A small timing study was also conducted with six volunteers from various MCHS clinics in rheumatology, dermatology, and oral surgery. A stopwatch was used to measure the time it took volunteers to label and upload images using the old processes that were in place in the past compared with Image Locker and ImageMoverMD. Each of the participants was an experienced technician in their specialty. The results showed an average time savings of 2.5 min per image study. For photo studies alone, this equates to over 800 h of time saved annually, assuming 20,000 studies per year. Survey respondents stated the value of the application to their practice in the following statements. It helps document clinical scenarios that are difficult to put into words:

"It is much more efficient and provides greater resolution of pictures which assists in patient skin monitoring. The images are directly linked to patient and this prevents user errors (entering in names/numbers/birthdays incorrectly). Patient information entered into imaging machines accurately.”

In addition to these results, far fewer nonradiology imaging studies require support and intervention than in the past. Image Locker enforces high standards for metadata integrity and ensures that images store through a post-capture reconciliation worklist and associated escalation logic that notifies a manager or administrator when studies are not able to be stored in a timely manner. Objective evidence illustrates this when comparing pre- and post- implementation statistics from one orthopedics department. In a 6-month period extending from April 1 to September 30, 2016, there were 60 studies that failed to store due to demographic or accession number verification errors. In the same period of 2017, there were 0 failures for the same department. Similar results are evident for other nonradiology departments capturing and storing images in various ways before the implementation.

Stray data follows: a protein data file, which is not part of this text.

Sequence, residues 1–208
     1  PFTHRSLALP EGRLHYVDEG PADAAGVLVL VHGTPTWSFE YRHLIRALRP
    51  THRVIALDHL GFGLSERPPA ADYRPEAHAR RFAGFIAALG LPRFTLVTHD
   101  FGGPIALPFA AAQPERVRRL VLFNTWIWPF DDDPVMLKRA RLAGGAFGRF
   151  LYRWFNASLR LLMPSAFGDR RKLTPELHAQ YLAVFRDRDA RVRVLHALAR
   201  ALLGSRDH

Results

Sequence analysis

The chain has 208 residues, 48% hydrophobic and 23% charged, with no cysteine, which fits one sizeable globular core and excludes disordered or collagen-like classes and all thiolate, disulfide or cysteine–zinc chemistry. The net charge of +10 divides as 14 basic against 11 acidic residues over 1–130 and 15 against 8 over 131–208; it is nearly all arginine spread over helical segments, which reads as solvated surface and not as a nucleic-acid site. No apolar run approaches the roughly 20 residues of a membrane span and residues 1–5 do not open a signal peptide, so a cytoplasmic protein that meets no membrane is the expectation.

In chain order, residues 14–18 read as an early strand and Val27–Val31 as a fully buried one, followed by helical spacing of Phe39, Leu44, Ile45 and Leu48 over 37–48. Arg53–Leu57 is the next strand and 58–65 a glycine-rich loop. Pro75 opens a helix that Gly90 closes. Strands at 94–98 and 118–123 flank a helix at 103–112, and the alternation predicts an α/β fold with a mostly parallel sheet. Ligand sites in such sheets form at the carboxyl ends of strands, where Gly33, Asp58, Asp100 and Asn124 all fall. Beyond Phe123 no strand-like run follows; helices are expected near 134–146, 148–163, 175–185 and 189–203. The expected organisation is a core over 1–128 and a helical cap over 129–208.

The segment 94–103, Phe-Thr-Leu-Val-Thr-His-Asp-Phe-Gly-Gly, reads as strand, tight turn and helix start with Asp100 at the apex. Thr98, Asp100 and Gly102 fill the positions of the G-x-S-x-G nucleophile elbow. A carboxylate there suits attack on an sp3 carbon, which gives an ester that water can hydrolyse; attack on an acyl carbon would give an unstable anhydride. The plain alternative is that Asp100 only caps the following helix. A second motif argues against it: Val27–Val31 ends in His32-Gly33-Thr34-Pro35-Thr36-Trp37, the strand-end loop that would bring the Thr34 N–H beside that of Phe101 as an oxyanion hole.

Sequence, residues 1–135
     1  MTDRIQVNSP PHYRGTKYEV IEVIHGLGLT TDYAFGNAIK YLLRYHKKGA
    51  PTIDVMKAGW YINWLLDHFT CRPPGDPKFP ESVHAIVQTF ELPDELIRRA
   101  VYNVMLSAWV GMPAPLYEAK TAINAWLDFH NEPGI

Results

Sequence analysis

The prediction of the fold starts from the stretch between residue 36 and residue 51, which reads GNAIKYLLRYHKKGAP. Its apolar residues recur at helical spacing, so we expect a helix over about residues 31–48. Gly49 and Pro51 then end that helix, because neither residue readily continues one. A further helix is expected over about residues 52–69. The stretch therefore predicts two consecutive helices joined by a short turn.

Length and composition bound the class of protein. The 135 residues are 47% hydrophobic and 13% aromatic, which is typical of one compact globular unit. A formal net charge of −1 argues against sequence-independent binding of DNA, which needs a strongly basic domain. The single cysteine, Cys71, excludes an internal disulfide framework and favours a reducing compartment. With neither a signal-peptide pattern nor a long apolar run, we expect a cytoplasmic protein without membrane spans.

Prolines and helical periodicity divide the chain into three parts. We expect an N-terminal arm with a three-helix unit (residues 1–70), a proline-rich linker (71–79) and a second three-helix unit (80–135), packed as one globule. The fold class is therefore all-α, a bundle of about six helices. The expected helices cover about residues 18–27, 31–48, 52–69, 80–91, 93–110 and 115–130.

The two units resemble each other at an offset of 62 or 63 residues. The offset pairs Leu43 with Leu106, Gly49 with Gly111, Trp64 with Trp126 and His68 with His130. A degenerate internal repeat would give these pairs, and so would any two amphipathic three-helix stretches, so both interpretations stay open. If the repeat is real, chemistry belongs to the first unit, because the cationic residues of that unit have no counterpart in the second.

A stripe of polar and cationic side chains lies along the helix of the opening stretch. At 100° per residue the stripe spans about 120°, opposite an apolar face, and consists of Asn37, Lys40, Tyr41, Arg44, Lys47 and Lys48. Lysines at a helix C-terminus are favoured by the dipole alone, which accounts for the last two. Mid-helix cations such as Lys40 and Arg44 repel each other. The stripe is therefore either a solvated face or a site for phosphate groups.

Thus far, results of this case study have shown positive financial, technical, and clinical outcomes that have the potential for improving both care quality and efficiency. High marks of satisfaction and positive comments from users indicate an appreciation of the improved ability to capture and store nonradiology images at the point of care.

This speaks to a fulfillment of some of the unmet needs clinicians, particularly specialists, often have.

  1. The need to convey or record information more clearly through an image [1,5].

  2. Consolidation of image capture workflows and use of the existing DICOM infrastructure to create an environment where all medical imaging can be accessible from one area of the patient’s electronic health record.

  3. That accessibility affords providers more opportunities to collaborate efficiently using images [2]. Improvements to indexing and the ability to compare images and track changes over time have profound positive impact as well, particularly with imaging that is commonly non-DICOM such as photography [6].

  4. This consolidation adds the benefit of cost savings by reducing overhead from supporting redundant technologies and overly cumbersome workflows.

While the Image Locker and ImageMoverMD software tools have provided a strong framework for enforcing high standards and virtually eliminating situations where studies cannot be stored or found due to missing metadata, there remains a need for human intervention and other software tools to correct misfiling errors. The most common errors are those caused by choosing an incorrect accession number from the work list, or mistakenly capturing two patients’ images on a single accession number. These scenarios necessitate wrenching of the study DICOM tags or in some cases splitting a single study into two. Third party image qc software tools, or built-in capabilities within the VNA or PACS are often utilized to make those corrections. Typically, the errors are reported by users to the helpline and triaged to an appropriate PACS or IT resource with the skills and knowledge to correct the problem.